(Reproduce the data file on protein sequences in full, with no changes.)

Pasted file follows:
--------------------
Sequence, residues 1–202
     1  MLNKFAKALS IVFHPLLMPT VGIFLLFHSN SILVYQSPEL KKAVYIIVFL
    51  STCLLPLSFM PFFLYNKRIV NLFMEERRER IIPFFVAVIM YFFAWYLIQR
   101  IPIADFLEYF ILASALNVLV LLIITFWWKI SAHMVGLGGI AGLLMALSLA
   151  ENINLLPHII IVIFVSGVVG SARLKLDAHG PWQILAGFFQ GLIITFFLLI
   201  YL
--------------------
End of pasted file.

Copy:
Sequence, residues 1–202
     1  MLNKFAKALS IVFHPLLMPT VGIFLLFHSN SILVYQSPEL KKAVYIIVFL
    51  STCLLPLSFM PFFLYNKRIV NLFMEERRER IIPFFVAVIM YFFAWYLIQR
   101  IPIADFLEYF ILASALNVLV LLIITFWWKI SAHMVGLGGI AGLLMALSLA
   151  ENINLLPHII IVIFVSGVVG SARLKLDAHG PWQILAGFFQ GLIITFFLLI
   201  YL